Dietary flaxseed administered post thoracic radiation treatment improves survival and mitigates radiation-induced pneumonopathy in mice.

January 1, 2011 Human Health and Nutrition Data 0 Comments

Dietary flaxseed administered post thoracic radiation treatment improves survival and mitigates radiation-induced pneumonopathy in mice.

Year: 2011
Authors: Christofidou-Solomidou, M. Tyagi, S. Tan, K-S. Hagan, S. Pietrofesa, R. Dukes, I. Arguiri, E. Heitjan, D.
Publication Name: BMC Cancer
Publication Details: Volume 11; Pages 269


Flaxseed (FS) is a dietary supplement known for its antioxidant and anti-inflammatory properties. Radiation exposure of lung tissues occurs either when given therapeutically to treat intrathoracic malignancies or incidentally, such as in the case of exposure from inhaled radioisotopes released after the detonation of a radiological dispersion devise (RDD). Such exposure is associated with pulmonary inflammation, oxidative tissue damage and irreversible lung fibrosis. We previously reported that dietary FS prevents pneumonopathy in a rodent model of thoracic X-ray radiation therapy (XRT). However, flaxseed?s therapeutic usefulness in mitigating radiation effects post-exposure has never been evaluated. We evaluated the effects of a 10% FS or isocaloric control diet given to mice (C57/BL6) in 2 separate experiments (n=15-25 mice/group) on 0, 2, 4, 6 weeks post a single dose 13.5 Gy thoracic XRT and compared it to an established radiation-protective diet given preventively, starting at 3 weeks prior to XRT. Lungs were evaluated four months post-XRT for blood oxygenation levels, inflammation and fibrosis. Irradiated mice fed a 0%FS diet had a 4-month survival rate of 40% as compared to 70-88% survival in irradiated FS-fed mouse groups. Additionally, all irradiated FS-fed mice had decreased fibrosis compared to those fed 0%FS. Lung OH-Proline content ranged from 96.5 +/- 7.1 to 110.2 +/- 7.7 μg/ml (Mean +/- SEM) in all irradiated FS-fed mouse groups, as compared to 138 +/- 10.8 μg/ml for mice on 0%FS. Concomitantly, bronchoalveolar lavage (BAL) protein and weight loss associated with radiation cachexia was significantly decreased in all FS-fed groups. Inflammatory cell influx to lungs also decreased significantly except when FS diet was delayed by 4 and 6 weeks post XRT. All FS-fed mice (irradiated or not), maintained a higher blood oxygenation level as compared to mice on 0% FS. Similarly, multiplex cytokine analysis in the BAL fluid revealed a significant decrease of specific inflammatory cytokines in FS-fed mice. Dietary FS given post-XRT mitigates radiation effects by decreasing pulmonary fibrosis, inflammation, cytokine secretion and lung damage while enhancing mouse survival. Dietary supplementation of FS may be a useful adjuvant treatment mitigating adverse effects of radiation in individuals exposed to inhaled radioisotopes or incidental radiation. (Author's abstract)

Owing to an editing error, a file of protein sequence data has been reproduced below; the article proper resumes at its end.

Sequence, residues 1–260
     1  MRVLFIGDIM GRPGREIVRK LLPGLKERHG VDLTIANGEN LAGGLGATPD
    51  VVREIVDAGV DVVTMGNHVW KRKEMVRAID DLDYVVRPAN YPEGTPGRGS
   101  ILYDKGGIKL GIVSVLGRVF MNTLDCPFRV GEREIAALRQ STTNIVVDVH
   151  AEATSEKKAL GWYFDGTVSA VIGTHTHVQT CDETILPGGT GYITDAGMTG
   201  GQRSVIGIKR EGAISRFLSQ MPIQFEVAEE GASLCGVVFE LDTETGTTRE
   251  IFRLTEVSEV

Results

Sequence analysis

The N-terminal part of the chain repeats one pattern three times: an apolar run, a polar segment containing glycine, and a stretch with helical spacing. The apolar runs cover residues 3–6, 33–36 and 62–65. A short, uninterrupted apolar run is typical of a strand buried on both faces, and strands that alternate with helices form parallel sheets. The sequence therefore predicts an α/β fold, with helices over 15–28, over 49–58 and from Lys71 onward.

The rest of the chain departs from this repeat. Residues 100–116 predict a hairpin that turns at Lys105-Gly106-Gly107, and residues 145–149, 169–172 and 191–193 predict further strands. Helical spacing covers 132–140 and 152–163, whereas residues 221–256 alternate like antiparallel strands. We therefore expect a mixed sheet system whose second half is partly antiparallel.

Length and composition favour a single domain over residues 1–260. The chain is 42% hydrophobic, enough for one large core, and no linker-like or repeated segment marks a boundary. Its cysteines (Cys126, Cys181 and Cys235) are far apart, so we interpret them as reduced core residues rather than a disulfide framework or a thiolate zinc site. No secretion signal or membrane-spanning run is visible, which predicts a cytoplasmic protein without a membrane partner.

This is the first publication to demonstrate the role of FS in boosting survival and mitigating the acute and chronic damage induced by X-ray radiation exposure of lung tissues. FS improved survival and body weight of mice fed with FS when diet was given prior to XRT and also when diet was started 2, 4 and 6 weeks after XRT. The FS diet mitigated the deleterious effects of XRT by: a) improving pulmonary hemodynamics and blood oxygenation levels, b) decreasing lung injury by lowering BAL protein levels, c) reducing pulmonary fibrosis by decreasing collagen content of lung tissues, d) reducing lung inflammation by decreasing WBC influx into the airways and by e) oxidative modification of mouse lungs as evidenced by levels of lipid peroxidation. BAL cytokine analysis supports a reduction in the chronic inflammatory profile of irradiated lungs as a result of the FS diet. FS diet led to a significant drop in the lipid peroxidation (LP) levels in all the FS-fed experimental mouse groups.  BAL protein level is the most direct and reliable measure of lung injury. In addition, several cytokines associated with inflammation were significantly lower in irradiated FS-fed mice as compared to irradiated mice on control diet. Dietary supplementation of FS decreased IL-6 levels, indicating a low inflammatory state. The authors state that dietary FS is a potential agent in mitigating radiation damage and as such, the investigators are currently exploring dietary formulations of FS components, to identify the chief bioactive ingredient(s) that mitigate radiation effects. (Editor's Comments)


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